The Medieval period covered a wide period of time from about 1066 to 1485, and it was a thrilling time in fashion, especially for the royalty. The feudal system was in full swing in Europe and sumptuary laws kept finer clothing from the peasants and lower classes. The elaborate clothing for medieval kings and queens was of only the finest fabrics and brightest colors.
The dyes to color the clothing of the time were expensive and only the nobility could afford them. Kings and queens tended to stick to the brighter royal colors of red and blue. Red dye came from an insect found in the Mediterranean. Green was created by lichen and Dyerswoad was used for blue.
Fabrics for royalty, such as velvet and silk, were usually imported, and only royalty were allowed to wear gold and purple silk. The Crusades had a tremendous impact on fashion due to the many exotic fabrics brought to Europe, such as satin. Fur from animals was popular, particularly ermine and fox.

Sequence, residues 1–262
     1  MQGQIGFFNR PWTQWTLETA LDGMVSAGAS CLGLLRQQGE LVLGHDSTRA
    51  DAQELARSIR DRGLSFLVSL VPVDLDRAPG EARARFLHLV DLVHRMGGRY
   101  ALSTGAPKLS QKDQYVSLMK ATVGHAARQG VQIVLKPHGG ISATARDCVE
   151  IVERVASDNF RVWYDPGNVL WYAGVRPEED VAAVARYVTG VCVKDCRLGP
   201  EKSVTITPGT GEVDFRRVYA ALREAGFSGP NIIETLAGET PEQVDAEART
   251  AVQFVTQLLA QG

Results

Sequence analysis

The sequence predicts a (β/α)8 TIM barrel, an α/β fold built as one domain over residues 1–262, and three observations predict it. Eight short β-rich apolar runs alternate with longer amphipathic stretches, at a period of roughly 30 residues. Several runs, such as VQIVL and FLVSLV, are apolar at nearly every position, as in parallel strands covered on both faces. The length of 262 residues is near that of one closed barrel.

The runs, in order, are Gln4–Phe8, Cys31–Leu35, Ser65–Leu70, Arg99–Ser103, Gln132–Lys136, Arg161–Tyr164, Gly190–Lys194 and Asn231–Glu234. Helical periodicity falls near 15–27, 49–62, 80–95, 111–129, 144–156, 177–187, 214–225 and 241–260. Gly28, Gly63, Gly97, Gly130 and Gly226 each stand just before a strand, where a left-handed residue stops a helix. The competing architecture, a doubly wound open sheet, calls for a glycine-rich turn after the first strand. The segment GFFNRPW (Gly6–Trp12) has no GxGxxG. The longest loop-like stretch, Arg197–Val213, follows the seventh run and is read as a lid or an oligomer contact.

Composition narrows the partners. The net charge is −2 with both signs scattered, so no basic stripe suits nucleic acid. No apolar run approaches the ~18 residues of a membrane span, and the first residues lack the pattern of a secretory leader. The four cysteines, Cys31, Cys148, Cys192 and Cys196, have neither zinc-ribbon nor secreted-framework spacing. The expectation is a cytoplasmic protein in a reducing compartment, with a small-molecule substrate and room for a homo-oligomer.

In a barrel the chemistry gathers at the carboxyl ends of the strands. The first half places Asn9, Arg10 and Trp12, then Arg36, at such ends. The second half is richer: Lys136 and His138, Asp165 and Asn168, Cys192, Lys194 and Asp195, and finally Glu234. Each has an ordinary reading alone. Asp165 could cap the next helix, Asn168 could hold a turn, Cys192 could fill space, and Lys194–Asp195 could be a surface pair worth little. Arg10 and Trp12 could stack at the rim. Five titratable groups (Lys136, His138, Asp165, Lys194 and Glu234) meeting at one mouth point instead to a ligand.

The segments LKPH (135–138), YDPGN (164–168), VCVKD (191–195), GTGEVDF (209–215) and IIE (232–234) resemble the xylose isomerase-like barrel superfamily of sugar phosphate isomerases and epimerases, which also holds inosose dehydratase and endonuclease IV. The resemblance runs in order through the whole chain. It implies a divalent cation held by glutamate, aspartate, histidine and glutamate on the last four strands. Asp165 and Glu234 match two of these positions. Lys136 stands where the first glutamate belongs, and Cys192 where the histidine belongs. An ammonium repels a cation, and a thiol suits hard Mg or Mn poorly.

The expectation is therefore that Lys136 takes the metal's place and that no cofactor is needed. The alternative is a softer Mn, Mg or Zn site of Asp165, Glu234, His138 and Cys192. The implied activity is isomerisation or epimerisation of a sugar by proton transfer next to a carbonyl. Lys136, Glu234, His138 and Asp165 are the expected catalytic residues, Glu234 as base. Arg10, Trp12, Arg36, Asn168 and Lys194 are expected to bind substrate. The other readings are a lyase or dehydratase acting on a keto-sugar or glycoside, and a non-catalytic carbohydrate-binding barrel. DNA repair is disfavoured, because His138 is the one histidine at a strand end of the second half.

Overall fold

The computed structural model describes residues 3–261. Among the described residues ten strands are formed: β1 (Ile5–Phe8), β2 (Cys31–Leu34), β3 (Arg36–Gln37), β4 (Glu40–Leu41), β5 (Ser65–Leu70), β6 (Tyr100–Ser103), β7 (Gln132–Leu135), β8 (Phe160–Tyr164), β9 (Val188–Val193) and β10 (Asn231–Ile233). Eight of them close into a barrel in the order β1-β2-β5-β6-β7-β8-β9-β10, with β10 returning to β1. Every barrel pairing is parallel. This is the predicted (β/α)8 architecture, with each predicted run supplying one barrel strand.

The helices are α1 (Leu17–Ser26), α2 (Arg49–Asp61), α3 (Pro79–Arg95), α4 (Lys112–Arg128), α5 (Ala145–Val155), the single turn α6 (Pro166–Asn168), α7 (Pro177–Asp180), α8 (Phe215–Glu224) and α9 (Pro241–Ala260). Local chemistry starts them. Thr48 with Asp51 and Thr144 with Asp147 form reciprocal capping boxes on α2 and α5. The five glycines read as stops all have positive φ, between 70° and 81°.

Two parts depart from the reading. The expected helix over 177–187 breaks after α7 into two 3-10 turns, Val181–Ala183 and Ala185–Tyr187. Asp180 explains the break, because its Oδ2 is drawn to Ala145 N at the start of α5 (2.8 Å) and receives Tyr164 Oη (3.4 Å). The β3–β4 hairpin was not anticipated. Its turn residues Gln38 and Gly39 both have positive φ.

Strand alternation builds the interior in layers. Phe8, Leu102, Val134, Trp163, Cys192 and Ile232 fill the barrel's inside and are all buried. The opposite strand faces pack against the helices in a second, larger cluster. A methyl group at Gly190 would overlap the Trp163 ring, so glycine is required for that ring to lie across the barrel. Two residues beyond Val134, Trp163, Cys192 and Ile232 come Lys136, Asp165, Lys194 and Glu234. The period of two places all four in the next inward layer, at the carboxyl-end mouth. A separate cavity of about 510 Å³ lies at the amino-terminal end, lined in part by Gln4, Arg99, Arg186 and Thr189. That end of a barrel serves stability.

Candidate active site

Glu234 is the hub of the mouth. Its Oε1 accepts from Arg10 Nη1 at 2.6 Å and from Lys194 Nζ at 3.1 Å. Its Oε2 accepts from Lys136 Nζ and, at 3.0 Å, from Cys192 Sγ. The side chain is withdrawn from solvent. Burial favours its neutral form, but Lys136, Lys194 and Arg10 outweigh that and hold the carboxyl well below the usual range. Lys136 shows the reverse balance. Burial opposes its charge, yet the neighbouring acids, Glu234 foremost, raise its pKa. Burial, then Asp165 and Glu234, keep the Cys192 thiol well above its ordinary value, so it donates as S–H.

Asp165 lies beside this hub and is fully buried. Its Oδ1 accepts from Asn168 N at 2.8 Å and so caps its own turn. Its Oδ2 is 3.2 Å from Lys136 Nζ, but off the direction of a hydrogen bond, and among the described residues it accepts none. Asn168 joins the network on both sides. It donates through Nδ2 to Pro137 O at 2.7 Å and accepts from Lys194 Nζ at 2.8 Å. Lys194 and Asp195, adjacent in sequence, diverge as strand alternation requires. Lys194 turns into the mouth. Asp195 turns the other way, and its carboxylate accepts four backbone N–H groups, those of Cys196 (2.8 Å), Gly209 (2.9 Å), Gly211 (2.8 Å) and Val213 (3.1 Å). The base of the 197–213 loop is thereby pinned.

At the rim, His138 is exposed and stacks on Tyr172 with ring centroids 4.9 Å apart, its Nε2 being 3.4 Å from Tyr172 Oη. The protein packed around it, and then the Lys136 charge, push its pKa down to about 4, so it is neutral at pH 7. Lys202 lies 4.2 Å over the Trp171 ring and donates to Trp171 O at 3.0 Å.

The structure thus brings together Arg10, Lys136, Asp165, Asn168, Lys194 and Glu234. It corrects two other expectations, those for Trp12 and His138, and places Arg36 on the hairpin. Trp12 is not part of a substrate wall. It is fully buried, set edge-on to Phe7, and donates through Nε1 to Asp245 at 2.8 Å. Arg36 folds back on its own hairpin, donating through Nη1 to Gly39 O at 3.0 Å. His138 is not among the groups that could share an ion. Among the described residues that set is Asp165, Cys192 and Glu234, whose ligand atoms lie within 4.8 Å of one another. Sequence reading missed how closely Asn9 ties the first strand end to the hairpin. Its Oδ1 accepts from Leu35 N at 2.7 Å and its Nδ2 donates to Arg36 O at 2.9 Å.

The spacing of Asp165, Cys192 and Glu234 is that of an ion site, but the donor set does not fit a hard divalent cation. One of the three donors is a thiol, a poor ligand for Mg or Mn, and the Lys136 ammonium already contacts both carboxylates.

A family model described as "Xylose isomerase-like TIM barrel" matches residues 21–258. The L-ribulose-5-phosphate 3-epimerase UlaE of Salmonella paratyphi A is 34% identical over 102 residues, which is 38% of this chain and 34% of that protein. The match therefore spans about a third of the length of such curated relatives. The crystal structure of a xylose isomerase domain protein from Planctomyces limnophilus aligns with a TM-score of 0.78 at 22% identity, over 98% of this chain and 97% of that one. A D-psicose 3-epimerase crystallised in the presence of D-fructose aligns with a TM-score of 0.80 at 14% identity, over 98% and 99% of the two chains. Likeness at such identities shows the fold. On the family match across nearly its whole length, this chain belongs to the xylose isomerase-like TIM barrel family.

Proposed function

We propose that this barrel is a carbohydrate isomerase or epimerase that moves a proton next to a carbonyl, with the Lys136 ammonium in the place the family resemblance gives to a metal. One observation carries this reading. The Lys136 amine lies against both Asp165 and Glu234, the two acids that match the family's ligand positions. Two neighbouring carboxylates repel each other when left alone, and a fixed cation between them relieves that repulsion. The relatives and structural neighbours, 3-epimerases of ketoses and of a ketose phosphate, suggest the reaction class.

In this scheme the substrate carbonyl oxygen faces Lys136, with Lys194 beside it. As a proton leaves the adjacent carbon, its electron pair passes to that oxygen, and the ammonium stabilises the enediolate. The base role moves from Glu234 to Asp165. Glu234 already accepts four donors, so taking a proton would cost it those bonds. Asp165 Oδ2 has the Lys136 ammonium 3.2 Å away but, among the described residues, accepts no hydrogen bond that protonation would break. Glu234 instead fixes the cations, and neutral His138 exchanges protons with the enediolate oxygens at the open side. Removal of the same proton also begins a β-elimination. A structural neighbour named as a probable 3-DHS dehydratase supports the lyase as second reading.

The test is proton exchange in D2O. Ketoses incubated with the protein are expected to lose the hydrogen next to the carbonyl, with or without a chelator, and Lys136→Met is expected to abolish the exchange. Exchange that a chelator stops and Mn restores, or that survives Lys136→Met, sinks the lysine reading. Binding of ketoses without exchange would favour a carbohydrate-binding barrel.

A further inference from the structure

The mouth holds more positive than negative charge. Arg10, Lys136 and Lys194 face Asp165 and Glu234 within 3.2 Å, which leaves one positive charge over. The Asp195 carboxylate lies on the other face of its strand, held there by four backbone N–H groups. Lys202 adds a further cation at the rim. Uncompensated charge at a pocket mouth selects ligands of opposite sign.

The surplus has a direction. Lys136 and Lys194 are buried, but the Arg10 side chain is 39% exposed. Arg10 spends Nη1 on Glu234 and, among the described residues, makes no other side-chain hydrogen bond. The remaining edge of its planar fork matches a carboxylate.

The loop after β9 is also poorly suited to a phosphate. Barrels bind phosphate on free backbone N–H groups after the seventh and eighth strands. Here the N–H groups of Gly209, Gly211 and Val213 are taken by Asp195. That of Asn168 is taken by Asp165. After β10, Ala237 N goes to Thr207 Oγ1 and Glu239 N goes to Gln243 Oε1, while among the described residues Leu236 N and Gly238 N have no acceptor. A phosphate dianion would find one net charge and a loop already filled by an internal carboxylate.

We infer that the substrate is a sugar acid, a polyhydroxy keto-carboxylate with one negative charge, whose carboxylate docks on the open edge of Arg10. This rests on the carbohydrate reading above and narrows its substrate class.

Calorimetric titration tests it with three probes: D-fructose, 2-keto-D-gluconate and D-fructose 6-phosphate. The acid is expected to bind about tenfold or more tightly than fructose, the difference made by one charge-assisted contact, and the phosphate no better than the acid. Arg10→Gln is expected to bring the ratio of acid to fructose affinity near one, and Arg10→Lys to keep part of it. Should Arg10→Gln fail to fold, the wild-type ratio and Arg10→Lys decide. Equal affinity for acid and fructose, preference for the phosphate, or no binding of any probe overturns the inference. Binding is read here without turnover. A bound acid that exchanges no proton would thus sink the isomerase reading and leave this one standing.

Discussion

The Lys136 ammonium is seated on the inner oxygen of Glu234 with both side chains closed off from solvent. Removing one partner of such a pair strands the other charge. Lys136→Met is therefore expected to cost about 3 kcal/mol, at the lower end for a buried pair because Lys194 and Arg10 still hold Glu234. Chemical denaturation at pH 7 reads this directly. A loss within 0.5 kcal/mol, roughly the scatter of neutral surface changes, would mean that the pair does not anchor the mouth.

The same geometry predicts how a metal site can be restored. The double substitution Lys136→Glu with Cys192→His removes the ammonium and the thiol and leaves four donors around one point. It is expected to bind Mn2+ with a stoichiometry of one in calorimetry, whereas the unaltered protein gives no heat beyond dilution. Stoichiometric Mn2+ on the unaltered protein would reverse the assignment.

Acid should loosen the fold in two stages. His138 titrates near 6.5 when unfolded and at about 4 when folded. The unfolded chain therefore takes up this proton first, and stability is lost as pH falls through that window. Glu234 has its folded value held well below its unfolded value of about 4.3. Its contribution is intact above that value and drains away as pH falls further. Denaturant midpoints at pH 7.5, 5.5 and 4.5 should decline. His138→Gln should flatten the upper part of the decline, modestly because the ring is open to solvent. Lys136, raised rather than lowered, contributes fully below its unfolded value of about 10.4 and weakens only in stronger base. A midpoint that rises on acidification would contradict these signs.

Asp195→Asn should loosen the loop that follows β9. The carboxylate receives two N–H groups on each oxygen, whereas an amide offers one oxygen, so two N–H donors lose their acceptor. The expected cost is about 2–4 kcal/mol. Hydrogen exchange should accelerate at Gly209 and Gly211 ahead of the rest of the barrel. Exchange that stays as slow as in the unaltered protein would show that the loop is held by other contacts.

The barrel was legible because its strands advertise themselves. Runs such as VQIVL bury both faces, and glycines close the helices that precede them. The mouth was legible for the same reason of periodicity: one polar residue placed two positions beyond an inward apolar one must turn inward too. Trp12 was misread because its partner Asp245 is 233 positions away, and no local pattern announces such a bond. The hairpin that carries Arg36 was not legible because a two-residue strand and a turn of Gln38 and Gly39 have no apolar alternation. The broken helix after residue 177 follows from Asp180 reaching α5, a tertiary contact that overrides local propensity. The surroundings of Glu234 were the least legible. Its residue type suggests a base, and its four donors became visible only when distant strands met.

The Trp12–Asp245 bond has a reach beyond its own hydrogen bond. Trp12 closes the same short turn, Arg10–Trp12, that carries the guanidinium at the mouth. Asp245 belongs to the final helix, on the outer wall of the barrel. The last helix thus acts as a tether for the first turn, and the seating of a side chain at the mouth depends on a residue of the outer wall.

Clothing for royalty and noble women consisted of many layers. Their undergarments were made up of breeches, hose and chemise and covered by an underskirt of linen or silk. On top of the skirt was a long gown that flowed behind the noble woman and that gown was covered by a luxurious tunic. Special castle shoes were worn for inside the castle and a second set of wood and leather shoes slipped over the castle shoes for excursions outdoors.
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Royalty adorned their clothes with embroidered lace and gems to add more luxury to their wardrobe. Fur trimmed the mantles of the dresses as well as cuffs for men. Royal women initially wore their hair in a silk cover, but hats emerged as the preferred style in the later Middle Ages. As the period continued, hats became more garish and larger and often were pointed.
Brock Cooper attended Illinois Wesleyan University in Bloomington, Ill. He was a reporter for seven years with a daily in Illinois before branching out into marketing and media relations. He has experience in writing everything from press releases to features on a variety of subjects and forums. His work can be seen in NewsTribune newspaper, Chicago Parent magazine and several websites.